To help readers decipher the exact meaning of Noh, the authors offer a detailed examination and explanation of this, the first great Japanese theatrical form, which often intimidates the uninitiated.
The spirit is at the essence of Noh, as Kannami Kiyotsugu created the form in the late-fourteenth century by combining elements from Japanese theater with Zen Buddhism. Noh reflects its spiritual heritage by conveying the belief that beauty lies in suggestion, simplicity, subtlety, and restraint.
Today, approximately 240 plays remain in the Noh repertoire. For the unenlightened, the authors present the history, explain the nuances, and even provide samples of these Noh plays, so they may continue to educate and entertain for many more centuries to come.
About the Authors
Ernest Fenollosa's commentary on Noh is especially noteworthy. Indeed, “Professor Fenollosa knew more of the subject than any one who has yet written in our tongue,” coauthor Ezra Pound declared. Fenollosa went to Japan as a professor of economics and became imperial commissioner of arts. Along the way, he raised Noh to its rightful place in Japanese society.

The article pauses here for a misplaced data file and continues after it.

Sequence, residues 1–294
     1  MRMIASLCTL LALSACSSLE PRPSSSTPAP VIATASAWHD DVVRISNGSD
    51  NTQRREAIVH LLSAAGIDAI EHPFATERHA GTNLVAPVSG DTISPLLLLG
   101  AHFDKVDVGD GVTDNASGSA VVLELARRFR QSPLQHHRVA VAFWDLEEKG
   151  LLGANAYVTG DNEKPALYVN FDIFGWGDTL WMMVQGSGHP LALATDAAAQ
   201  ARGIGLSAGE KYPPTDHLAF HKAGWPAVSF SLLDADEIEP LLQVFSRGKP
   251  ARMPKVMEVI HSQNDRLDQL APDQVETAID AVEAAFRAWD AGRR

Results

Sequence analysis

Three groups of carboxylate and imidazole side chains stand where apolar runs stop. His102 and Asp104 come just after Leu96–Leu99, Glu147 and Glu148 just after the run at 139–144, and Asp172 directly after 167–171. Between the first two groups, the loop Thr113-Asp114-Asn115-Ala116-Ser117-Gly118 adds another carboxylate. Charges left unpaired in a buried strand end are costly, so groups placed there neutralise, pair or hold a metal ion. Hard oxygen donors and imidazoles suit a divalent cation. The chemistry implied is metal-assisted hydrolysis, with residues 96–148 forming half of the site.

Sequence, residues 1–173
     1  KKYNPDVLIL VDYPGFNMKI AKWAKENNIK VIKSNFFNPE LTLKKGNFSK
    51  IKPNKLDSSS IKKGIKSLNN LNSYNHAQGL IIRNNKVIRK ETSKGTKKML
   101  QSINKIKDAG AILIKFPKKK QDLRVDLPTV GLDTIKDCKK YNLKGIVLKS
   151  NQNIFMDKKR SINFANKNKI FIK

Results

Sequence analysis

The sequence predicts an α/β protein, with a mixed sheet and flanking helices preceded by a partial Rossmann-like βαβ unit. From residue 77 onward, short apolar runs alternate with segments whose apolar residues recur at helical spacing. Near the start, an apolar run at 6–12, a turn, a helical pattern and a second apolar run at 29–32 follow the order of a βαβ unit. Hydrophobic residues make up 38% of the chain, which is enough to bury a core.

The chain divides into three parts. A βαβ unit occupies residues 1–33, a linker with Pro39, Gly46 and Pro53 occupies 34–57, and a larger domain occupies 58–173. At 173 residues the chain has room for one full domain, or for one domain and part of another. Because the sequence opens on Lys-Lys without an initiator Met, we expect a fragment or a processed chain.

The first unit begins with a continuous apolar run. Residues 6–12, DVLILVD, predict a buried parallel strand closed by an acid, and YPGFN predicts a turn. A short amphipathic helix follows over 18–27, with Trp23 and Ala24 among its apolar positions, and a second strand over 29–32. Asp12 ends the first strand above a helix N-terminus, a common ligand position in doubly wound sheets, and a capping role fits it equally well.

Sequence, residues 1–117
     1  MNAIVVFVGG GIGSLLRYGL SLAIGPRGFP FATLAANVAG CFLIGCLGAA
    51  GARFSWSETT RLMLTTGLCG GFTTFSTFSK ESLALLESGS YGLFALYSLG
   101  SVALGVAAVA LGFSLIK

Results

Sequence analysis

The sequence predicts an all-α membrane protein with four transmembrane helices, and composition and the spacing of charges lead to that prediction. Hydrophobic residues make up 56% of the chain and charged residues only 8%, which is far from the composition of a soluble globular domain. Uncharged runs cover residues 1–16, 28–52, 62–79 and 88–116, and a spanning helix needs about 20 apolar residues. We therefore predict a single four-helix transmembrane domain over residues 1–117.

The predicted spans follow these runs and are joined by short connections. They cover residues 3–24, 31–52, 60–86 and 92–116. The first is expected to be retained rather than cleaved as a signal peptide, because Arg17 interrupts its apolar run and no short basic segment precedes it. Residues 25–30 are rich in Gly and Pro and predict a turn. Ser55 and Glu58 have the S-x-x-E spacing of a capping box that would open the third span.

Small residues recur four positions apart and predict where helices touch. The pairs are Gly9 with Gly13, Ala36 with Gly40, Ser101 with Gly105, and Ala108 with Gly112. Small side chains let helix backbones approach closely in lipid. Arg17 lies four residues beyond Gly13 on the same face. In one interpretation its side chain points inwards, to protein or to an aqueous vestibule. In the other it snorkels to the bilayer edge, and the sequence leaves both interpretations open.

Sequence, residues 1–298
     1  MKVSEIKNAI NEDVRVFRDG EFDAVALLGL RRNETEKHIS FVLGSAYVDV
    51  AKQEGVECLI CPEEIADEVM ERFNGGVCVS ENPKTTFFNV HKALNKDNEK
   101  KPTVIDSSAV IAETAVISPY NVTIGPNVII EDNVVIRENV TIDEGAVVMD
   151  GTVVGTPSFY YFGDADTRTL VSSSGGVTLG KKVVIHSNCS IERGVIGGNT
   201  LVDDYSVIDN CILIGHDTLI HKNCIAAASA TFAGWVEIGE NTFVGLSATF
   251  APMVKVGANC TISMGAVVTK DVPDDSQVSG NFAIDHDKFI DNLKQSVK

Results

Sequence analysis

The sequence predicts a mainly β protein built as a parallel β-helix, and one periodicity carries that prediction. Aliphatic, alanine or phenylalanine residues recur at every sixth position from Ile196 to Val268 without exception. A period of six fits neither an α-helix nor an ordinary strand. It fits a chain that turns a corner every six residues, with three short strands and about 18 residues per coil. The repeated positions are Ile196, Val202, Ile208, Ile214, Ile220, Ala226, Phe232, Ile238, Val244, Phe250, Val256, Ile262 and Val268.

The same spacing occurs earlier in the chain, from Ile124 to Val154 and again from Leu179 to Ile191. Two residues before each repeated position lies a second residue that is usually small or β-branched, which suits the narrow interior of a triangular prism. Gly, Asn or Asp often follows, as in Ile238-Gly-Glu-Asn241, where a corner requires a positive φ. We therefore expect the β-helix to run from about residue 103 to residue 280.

Although a brilliant author and poet in his own right, Ezra Pound humbly acknowledged that this book was the product of Fenollosa's vision and planning. Pound acted as its literary executor and translator, a role that did allow him “the pleasure of arranging beauty into the words.”